As users and businesses, why do we care what browse I use or my customers use? I already mentioned my reasons for not liking IE and liking FF, but it doesn't end there. Google and Apple have seemed to pass everyone with the fastest browsers, using the WebKit guts and their own JavaScript engines. Opera is still in the game with their new Opera Unite product. And then there are many sites that require IE, too.
It's all about the experience!
As a user, I am impatient, so I get annoyed when a site is slow. This has led me to avoid IE (and also why I use FoxIt to read PDFs). Some companies that I deal with have forced me to use IE, and therefore have led me to also dislike them too. I don't want to have to run more than one web browser; at work I have to run Internet Explorer, so I have two going at a minimum and 3, 4, or 5, when testing our website.

As a web developer for my organization, I need to decide what browsers I will test for, and what browsers I'll support. My engineering team who develops our products has the same challenges. If we leave out a browse, our customers will blame us. To add a browser, will increase our development costs.

Let me close by saying, I love the new browsers; I love the pressure it has put on Microsoft to either fix IE or get out of the game. What I don't like is having to run multiple browser to get the full web experience I want. Currently Google and Mozilla seem content on co-existing, but how long can it really last? Opera Unite is offering some compelling options not seen in any other browser, but how much longer can they survive? Five years from now... I think we'll have 3 players: Microsoft, Google, and Apple. Until then, Browser Wars III is on, and it promises to have a lot of carnage.

24 July, 2009

Internet Strategy Forum Summit 2009

This is not my typical post, but interesting for many of us all the same...
I had the opportunity to attend the Internet Strategy Forum Summit on Thursday July 23rd, 2009, and these are from my notes and some relevant and related links. Don't take the gaps in my notes as a sign of unimportant content -- rather I volunteered at the event, which distracted me some times, and of course I networked with friends and colleagues, which created other distractions. For only $200, this is an event was and has always been well worth the cost.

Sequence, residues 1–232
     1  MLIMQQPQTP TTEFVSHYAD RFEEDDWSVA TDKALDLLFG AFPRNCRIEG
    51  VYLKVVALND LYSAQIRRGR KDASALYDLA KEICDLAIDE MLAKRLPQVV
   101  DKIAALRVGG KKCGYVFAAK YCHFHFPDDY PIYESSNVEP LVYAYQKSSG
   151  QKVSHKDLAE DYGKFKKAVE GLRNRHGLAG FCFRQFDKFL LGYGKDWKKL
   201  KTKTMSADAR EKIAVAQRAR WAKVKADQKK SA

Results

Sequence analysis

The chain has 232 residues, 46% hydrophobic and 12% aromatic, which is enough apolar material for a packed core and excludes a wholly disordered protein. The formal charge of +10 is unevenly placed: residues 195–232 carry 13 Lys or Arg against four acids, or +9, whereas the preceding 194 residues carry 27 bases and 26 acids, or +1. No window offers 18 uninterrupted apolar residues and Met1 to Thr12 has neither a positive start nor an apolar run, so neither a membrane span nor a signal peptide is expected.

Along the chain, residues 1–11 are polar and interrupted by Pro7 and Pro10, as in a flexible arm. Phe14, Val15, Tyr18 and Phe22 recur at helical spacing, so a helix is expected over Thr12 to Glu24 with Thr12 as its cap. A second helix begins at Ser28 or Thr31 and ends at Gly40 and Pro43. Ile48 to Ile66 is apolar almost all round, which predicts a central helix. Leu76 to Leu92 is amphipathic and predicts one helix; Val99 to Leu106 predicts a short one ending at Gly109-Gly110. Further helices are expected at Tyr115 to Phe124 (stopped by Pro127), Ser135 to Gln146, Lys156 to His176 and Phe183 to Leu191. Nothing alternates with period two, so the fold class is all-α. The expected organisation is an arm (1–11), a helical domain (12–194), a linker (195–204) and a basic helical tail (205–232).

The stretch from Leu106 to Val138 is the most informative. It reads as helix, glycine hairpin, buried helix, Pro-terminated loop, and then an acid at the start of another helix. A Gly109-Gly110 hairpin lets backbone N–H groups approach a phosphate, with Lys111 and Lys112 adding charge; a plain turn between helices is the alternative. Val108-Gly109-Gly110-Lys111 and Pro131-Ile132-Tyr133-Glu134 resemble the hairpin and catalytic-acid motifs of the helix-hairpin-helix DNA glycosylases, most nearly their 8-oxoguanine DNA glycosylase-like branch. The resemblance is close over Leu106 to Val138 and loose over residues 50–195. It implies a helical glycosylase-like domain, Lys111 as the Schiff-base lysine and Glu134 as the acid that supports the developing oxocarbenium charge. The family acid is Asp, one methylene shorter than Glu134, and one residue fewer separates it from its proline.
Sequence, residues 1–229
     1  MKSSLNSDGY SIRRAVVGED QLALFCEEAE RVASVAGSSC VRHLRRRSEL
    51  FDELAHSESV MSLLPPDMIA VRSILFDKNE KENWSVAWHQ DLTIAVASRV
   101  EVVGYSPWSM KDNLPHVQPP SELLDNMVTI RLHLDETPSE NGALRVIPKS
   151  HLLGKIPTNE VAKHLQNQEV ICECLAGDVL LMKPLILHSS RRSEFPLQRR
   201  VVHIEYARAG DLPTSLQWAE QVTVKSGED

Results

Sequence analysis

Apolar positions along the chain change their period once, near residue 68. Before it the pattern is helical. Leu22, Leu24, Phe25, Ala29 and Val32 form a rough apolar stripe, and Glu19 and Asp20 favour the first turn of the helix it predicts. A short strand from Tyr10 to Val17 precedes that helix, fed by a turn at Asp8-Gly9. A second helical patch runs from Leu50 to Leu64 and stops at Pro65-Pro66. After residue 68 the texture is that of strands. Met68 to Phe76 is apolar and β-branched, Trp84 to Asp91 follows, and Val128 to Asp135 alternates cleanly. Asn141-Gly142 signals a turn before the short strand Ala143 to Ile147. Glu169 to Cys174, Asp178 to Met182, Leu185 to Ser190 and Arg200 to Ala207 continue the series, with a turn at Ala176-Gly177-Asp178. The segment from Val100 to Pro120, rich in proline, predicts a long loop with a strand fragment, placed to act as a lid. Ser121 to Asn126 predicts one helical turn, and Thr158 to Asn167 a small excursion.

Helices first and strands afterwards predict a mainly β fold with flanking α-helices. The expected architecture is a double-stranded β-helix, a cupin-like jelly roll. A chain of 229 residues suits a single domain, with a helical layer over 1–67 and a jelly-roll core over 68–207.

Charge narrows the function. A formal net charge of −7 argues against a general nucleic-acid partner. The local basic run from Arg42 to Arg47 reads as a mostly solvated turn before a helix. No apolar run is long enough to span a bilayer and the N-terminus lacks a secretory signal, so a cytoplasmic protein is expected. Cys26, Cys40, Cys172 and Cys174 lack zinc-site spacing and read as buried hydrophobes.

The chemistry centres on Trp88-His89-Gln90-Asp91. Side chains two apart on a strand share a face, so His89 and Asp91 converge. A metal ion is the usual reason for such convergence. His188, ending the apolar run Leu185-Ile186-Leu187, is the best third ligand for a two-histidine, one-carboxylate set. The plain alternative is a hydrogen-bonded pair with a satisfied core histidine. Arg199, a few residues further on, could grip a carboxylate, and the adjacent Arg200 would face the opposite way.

(Speaker list: http://www.internetstrategyforum.org/events/Internet_Strategy_Forum_Summit_2009_Agenda_as_of_07-14-09.pdf.)

Katherine Durham, HP, VP of Marketing, Imaging & Printing Group

Shifting the Digital Marketing Mindset to Harness the power of an Integrated Approach

"Flat is the new up."

"If content is king, context is queen"

Marketing Mix by Stage in Funnel: http://www.flickr.com/photos/jeremiah_owyang/3749801824/.

See notes at from Sarena Regazzoni: http://ow.ly/15ICLg.

And notes from Jeremiah Owyang, Forrester, who spoke later: http://www.web-strategist.com/blog/2009/07/23/how-hp-integrates-digital-and-social-kathy-durham-vp-marketing/.

Sheila Tolle, Intuit

Combining eCommerce and Community: It’s a new normal and there is no going back.

People have always talked, now it's just quicker and permanent

B2B is still B2C, i.e. person-to-person

In their QuickBooks client, they have integrated their community. Looks similar to the Help window that emerges on the right next to MS Office products -- easy to open/close; right next to the product you're working with. [Seems like something we should add to our product roadmap.]

5 Recommendations for Social Media

  1. Listen
  2. Become part of the community
  3. Live your higher purpose, i.e. see your mission statement -- its not just about selling widgets
  4. Create amazing experiences
  5. Embraces the chaos

Social Media. Start listening and have a response strategy -- be there ahead of time, so if you need to respond (to something negative that has gone viral), you're prepared. See this for an example: http://www.businessinsider.com/henry-blodget-dominos-2009-4. In this case, Dominos was ready.

Social is an opportunity to hear from your customers and it's so much cheaper than bringing in a bunch of customers for testing.

Also see notes from Sarena Regazzoni at: http://ow.ly/15ICLg.

Lisa Welchman, Founding Partner, WelchmanPierpoint

A Gossamer Ceiling for Corporate Internet Executives?

[I used to listen to a podcast she produced on content management. I think she's very competent and knowledgeable in her field.]

Lisa discussed some of the findings from the ISF annual survey on Internet Strategists -- her company sponsored the research.

And back to basics: Be systematic about your web / digital work

  1. Develop a strategy
  2. Must have web governance. It's what makes thinks like Wikipedia work.
  3. Success requires (execution)
    1. Product Manager
    2. Program Management
  4. Measure

Jeremiah Owyang, Sr. Analyst Social Media, Forrester

Between these two posts, it seems to cover what he covered in his presentation.

Contextual Ads Blog post: http://www.web-strategist.com/blog/2009/06/18/contextual-ads-based-off-social-network-profile-twitter-and-facebook/

Emerging Social Eras (read blog post on this at: http://blogs.forrester.com/marketing/2009/04/the-future-of-the-social-web-in-five-eras.html)

  1. [missed it]
  2. Social application framework
    1. B2B on LinkedIn
    2. Go to where your customers are
    3. Corporate websites fragment to communities
  3. Social colonization: your friends go with you